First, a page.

The lecture In the Wake of Vilmos Diószegi: Collecting Folk Belief and Religious Folklore in Northern Mongolia by David Somfai Kara was held on 4 March 2010. The podcast from the lecture can be viewed at
Mongolian and Turkic shamanism has long drawn scholarly interest. Between 1957 and 1964 the Hungarian ethnologist, Vilmos Diószegi, visited several Turkic and Mongolic peoples in Southern Siberia and Northern Mongolia. Unfortunately due to his early death he only published a few items from his materials. Now a researcher at the Institute of Ethnology (Hungarian Academy of Sciences) I am preparing his precious manuscript legacy for publication. This republication will also draw on both the unpublished diaries of his trips (1960, 1964) and on new fieldwork done in all the locations of his study, documenting contemporary post-Soviet folk belief and shamanic traditions. Here I will introduce my two fieldtrips in Northern Mongolia (Aga Buriats, Darkhats, Toha-Tsaatan, Uriankhai, Khotogoit), illuminating folk beliefs and shamanic traditions from Khöwsgöl to the Onon River, varieties of shamanic trances and spirit possessions, and contemporary changes and revitalization of shamanic traditions and folk belief.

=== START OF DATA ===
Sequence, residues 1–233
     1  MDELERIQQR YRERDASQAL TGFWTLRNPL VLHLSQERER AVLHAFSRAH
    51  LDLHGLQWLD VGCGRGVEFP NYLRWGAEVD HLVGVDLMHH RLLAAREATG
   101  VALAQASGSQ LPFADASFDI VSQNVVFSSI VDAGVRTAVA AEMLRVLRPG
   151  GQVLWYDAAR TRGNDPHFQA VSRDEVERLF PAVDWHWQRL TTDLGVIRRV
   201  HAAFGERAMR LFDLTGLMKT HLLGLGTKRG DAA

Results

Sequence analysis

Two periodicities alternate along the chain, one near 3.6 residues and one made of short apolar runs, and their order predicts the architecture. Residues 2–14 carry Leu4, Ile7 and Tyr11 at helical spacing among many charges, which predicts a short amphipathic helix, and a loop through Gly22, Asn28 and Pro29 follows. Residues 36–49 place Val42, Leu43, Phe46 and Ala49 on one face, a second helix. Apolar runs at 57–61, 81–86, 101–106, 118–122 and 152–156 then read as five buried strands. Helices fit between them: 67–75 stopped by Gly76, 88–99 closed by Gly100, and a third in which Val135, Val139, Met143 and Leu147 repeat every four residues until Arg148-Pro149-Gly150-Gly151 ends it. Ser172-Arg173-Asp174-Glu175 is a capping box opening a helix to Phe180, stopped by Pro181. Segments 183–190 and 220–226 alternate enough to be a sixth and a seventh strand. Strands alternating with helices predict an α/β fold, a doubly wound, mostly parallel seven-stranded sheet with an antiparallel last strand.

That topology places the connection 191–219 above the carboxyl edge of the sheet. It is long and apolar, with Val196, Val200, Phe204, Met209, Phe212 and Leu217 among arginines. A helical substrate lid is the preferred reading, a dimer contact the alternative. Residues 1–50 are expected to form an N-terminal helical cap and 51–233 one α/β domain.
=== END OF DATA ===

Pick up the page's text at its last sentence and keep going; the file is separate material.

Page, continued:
David Somfai Kara, received his PhD (2007) in Mongolic Linguistics, ELTE University, Budapest. He is a researcher at the Institute of Ethnology, Hungarian Academy of Sciences, and currently a visiting scholar at Indiana University in the Department of Central Eurasian Studies.